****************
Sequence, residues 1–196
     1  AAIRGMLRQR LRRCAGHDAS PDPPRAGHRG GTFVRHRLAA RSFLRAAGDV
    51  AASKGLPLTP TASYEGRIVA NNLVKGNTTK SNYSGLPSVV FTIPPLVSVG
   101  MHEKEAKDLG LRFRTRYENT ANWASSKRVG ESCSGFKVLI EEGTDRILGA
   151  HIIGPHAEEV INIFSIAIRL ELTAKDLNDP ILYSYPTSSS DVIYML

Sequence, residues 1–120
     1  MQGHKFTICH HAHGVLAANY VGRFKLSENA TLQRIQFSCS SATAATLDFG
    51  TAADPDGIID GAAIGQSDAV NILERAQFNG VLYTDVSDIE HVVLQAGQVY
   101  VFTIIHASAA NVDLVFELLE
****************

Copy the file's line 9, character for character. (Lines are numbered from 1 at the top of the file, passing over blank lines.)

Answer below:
   101  VFTIIHASAA NVDLVFELLE